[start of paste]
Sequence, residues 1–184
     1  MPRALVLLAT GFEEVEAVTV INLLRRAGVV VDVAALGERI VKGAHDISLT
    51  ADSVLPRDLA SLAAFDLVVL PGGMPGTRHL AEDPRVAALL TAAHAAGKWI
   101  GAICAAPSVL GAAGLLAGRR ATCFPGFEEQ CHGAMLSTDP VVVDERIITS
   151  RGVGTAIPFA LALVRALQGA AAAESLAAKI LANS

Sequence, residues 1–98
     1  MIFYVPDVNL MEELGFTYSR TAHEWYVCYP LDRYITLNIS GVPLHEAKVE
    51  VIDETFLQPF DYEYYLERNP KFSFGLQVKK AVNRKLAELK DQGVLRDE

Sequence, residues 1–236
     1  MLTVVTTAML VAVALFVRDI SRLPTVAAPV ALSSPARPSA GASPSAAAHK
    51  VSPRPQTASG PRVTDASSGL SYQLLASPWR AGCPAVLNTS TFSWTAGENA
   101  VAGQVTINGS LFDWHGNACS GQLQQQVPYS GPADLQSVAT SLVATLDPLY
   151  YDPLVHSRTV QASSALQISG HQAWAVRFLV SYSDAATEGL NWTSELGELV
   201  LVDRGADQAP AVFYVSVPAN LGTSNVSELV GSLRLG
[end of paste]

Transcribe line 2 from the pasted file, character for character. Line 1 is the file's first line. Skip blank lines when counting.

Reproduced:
     1  MPRALVLLAT GFEEVEAVTV INLLRRAGVV VDVAALGERI VKGAHDISLT